There were so many things that she loved about New York. There were many more things that she disliked and found confusing. There was a lack of beauty and gentleness that Leah felt the city needed to soften the harder, unavoidable edges of day-to-day life, which was sometimes scary. Leah imagined that there were people who lived in the city who didn't know anything beyond their streets or neighborhoods. There were whole generations of city-locked kids who didn't know that the night sky was black and studded with a million brilliant specks of light called stars. In the polluted skies overhead they saw nothing, and they never looked up. People were living cheek by jowl without taking the time to know anything about the person right next to them. How could they do that? Where was the curiosity?
But there was danger as well. The man in her dreams: the one who'd mugged her. It had all come back again in September and in nights since then. She sometimes felt so fragile, but she didn't want to be helpless. She didn't want to be a prisoner, either, to an event that hadn't been her fault but which, nonetheless, sometimes threatened to engulf her. That in one moment on a summer's night her very soul and existence would have ended at a meager value of nine dollars ... and the whim of a man.
The dream was always the same.
The crazy flight down the tunnel along hallways and corridors continued with almost predictable regularity. Finally Leah would float, lift upward out of sleep into welcome daylight. She'd catch her breath and will her pounding heart to slow down. Then she'd curl up in the bed sheets, feeling small and needy like a child. Sometimes she was aware of the sound of her own voice, the low moans and whines of exhaustion and fear.
Suddenly out of blackness came the danger. The ominous man with the knife, not caring who she was but pursuing her relentlessly until she was worn out and unable to escape the presence gaining on her.
In the low tunnel light in her mind, the face was clear. It was the grinning black face of the man who'd attacked her. Once, in the dream, it had been the face of someone she didn't know at all, and once it had even been the face of Allen. Not chasing her, but laughing at her.
The attack had taken place on the nearly deserted Pratt campus where she'd taken an evening art class. At first to Leah it had seemed that it would be a mugging. That is, until the very quiet and opportunity of the moment became clear to Leah and to the man confronting her with a knife. She'd seen the change in his eyes, when he stopped being concerned about escape and a few dollars, and had lingered over the possibilities that had come almost simultaneously to both their minds. Instant panic and dread filled her. His response had been one of glee. He'd smelled sweaty and nervous, and he had not cared about her shaking hands and tremulous voice.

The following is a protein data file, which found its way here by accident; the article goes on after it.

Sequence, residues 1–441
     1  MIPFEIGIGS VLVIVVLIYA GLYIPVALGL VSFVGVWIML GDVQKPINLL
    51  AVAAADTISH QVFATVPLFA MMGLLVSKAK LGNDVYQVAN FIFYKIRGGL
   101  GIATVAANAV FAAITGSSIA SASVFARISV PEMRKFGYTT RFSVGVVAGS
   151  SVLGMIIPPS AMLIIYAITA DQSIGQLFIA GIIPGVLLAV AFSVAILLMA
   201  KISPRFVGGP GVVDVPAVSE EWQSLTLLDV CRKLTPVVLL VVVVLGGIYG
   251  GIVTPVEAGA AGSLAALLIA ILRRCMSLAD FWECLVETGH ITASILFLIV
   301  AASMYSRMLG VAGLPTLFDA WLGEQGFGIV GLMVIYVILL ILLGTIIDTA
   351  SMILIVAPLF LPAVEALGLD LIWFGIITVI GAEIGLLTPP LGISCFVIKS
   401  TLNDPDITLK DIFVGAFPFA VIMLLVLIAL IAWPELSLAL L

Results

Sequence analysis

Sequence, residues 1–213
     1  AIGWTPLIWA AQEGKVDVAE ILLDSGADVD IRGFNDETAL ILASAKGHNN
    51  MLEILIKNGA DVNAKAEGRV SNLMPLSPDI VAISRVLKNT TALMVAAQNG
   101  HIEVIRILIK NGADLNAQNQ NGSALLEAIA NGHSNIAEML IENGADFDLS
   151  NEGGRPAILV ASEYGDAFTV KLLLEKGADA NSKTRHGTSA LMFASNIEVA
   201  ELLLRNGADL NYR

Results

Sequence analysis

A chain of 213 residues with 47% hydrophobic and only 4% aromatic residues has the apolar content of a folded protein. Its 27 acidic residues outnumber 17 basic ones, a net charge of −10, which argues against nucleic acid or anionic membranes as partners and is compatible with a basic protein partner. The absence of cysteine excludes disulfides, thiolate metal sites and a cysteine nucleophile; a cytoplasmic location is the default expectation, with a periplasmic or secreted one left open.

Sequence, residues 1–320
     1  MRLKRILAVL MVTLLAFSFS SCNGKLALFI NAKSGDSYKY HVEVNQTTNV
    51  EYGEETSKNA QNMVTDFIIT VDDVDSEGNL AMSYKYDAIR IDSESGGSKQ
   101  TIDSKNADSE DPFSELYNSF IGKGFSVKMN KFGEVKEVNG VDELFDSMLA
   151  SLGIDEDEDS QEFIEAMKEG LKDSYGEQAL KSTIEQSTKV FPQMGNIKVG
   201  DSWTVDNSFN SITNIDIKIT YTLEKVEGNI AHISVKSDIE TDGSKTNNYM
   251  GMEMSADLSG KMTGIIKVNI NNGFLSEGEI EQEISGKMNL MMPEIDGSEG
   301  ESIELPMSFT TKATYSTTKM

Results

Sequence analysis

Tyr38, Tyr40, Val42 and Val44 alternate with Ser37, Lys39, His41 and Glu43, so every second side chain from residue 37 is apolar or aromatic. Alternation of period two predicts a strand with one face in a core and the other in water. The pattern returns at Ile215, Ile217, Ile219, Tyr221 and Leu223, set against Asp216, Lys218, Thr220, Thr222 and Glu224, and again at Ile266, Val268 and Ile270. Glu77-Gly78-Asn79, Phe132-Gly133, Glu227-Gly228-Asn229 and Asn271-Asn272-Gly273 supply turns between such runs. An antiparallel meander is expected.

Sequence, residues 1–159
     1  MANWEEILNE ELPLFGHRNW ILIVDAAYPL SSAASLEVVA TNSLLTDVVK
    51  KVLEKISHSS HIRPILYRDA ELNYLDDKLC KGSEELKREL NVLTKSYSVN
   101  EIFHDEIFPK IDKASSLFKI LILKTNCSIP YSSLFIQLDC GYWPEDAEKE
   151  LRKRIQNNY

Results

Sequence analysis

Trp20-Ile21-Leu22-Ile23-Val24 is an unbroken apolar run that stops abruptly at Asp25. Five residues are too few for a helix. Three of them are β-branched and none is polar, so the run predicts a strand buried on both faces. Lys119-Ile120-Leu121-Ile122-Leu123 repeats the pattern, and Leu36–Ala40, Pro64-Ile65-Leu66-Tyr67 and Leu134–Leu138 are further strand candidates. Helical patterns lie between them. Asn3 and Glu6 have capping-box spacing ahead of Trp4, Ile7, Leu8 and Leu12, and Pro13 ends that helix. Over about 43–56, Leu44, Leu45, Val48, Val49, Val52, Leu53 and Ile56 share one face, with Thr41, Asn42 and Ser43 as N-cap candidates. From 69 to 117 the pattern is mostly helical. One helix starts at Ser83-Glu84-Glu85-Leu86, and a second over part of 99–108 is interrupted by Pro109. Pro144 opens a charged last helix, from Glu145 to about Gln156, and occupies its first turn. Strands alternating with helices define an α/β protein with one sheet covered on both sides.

Leah's imagination had jumped to fast forward, to afterward, when she'd have to pull together her shattered wits and her used body; when she'd have to go for help and tell someone. She became paralyzed with fear when she further considered the other violent choices available to the attacker.
If she didn't show fear, she had tried to reason to herself, if she didn't demonstrate vulnerability, maybe he wouldn't think to hurt her. But it had been so quiet in the stairwell.
He'd started to laugh at her quick understanding of the situation. Leah's first thought had been that he was going to kill her when he was done. She thought about Gail having to call their father to tell him.
Leah had only put up a token attempt at resistance. She had been afraid of an outright struggle because of the knife. What if she made him mad and he just stabbed her ... over and over again?
She could still feel weak with nausea when she thought of that knife held against her face.
He'd hit her with his fist, and when her head had resounded with a painful thud off the wall, she'd slid to the floor dazed. She'd been wearing a khaki jumpsuit. Fashionable and blessedly difficult. In his anger and frustration at the obstacle of the clothing, the black man had pulled and slashed at the fabric, cutting Leah's fingers and thigh, although superficially, when they got in the way. Her screams had been feeble, the mere utterances of defeat and helplessness. He'd hit her again.
Excerpted from The Color of Love by Sandra Kitt. Copyright © 1995 Sandra Kitt. Excerpted by permission of OPEN ROAD INTEGRATED MEDIA.
All rights reserved. No part of this excerpt may be reproduced or reprinted without permission in writing from the publisher.
Excerpts are provided by Dial-A-Book Inc. solely for the personal use of visitors to this web site.